The Aspiring at ARWZ is a consortium of aspiring writers united by their common committment to pursuing professional writing careers. This consortium was founded as a means by which aspiring fiction writers can volunteer their mutual support throughout the process of revisions and submissions, which is often the most difficult part of the writing business. By uniting with fellow aspiring writers, members of the Aspiring benefit from the collective experience of the group, rather than having to go it alone through the toughest part of their careers—breaking into print.

By becoming a member of the Aspiring, you pledge to share the revision and submissions process with your fellow writers in a number of ways: by providing honest and productive criticism of original writing and submissions materials, by familiarizing yourself with the projects of fellow writers in order to share leads and markets you may happen upon in your own research, by sharing your past experiences and warning fellow writers about potential scams or unfavorable leads. In other words, the goal of the Aspiring is to pool our knowledge and resources in effort to further our careers.

Who can join the Aspiring?

The only prerequisite for joining the Aspiring is your dedication to pursuing a career in fiction writing. Be advised, however, that joining the Aspiring means that you pledge to devote as much time and attention to fellow members as they devote to you (more below). On the practical side, before being admitted to the our Aspiring discussion forum, you must be registered as a member on the ARWZ Community Forums. Potential members should also join the ARWZ Writers' Workshop, because this is where members of the Aspiring post all fiction to be read by the group. To request membership in the Aspiring, please visit our usergroup listing and click the "Join Group" button.

How does the Aspiring work?

In a very simple way, the members of the Aspiring volunteer their time and attention to one another. The Aspiring forum is a place where you can get feedback on query letters or other submissions materials, where you can ask for critiques of your writing, where you can share a publisher or agent listing with a fellow member who works in that genre, where you can talk about tricky issues in your writing or submissions process.

One of the most important services that we provide for fellow members is the mutual critique of one another's fiction. To assure that every writer in the Aspiring gets the feedback he/she needs, you must must pledge upon entering as a member writer to devote as much time to reading and critiquing the work of each member does who reads and critiques your work. And that can get a little complicated. Here's how it works:

Requesting Help with Revision

If you need feedback from our members on your current writing projects, we invite you to post it in our Online Writers' Workshop. As a member of the Aspiring, you are them welcome to ask fellow members to read and critique your work. Here's the procedure:

1) Post your writing in accordance with the rules of the ARWZ Online Workshop. You will find a full description of Workshop Rules and Procedure in the Workshop FAQ forum. In essence, but joining the Aspiring, you are also joining the ARWZ Writers' Workshop. The Aspiring is simply a tight-knit sub-group of writers within the wider ARWZ Online Community.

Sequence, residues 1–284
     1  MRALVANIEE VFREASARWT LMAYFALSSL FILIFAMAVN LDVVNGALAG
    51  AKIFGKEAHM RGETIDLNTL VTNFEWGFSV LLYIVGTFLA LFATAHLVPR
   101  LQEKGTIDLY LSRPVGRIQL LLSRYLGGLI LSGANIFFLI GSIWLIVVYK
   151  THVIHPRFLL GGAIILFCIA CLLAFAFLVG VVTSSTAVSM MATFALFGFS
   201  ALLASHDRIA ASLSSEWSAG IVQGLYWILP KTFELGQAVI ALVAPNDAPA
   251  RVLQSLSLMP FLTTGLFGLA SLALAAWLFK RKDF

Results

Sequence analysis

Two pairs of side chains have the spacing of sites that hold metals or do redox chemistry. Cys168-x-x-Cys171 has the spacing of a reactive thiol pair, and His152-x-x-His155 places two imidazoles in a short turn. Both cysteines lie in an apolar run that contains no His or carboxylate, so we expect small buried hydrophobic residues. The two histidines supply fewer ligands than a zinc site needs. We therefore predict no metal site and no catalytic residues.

2) Post a request in the Aspiring forum for members to critique it. You'll notice that members of the ARWZ Online Writers' Workshop are not necessarily members of the Aspiring. By taking the extra step to post a request for critique in the Aspiring Forum, you certify that this piece of work meets one simple prerequisite: All fiction writing for which you request critique among the Aspiring, must be writing you intend to submit for publication. That is, the writing must either be short stories you intend to submit to magazines or novel chapters you intend to submit to publishers or agents. The Aspiring is not for hobby writers. Any fiction you submit to the Aspiring for critique must be submissions bound. We will work with your story or novel until you feel it's ready to submit, we'll help you search out markets to send your story to, and we'll expect to hear how the submissions turn out, to share in your rejection and your triumph.

3) Pledge to offer as much critique support in exchange as others give you. By requesting critique from members of the Aspiring, you are pledging to critique their work in kind. In other words, however much of your writing a particular member reads, you pledge to return the favor. This means, for example, if Member X reads and critiques a 5000 word short story of yours, you pledge—when such time comes as they post a request—to read and critique a 5000 word story of theirs. Or 5000 words worth of a novel. Or perhaps, you read and critique 70,000 words (though, not all in one sitting, we hope) of Member Z's novel. When the time comes that you have a novel in need of critque, Member Z can fulfill his pledge by reading 70,000 words of yours.

Critiquing for the Aspiring

Likewise, members of the Aspiring who respond to requests for critique must follow the general guidelines for critique (both in word count and in content) as outlined by the ARWZ Online Writers' Workshop. As mentioned above, the benefit of critiquing the work of other members is that when the time comes for you to submit work for consideration, members will be pledged to read your work. It is the responsibility of each member to keep track of whose work you critique, and how much of it you critique. We recommend setting up a critique word count log in the Aspiring forum where you can maintain a list of all the submissions you have critiqued and their word count, so that fellow Aspiring members can keep track of who is lending them a hand.

If you're ready to become a member of the Aspiring, please visit the usergroup listing to sign up.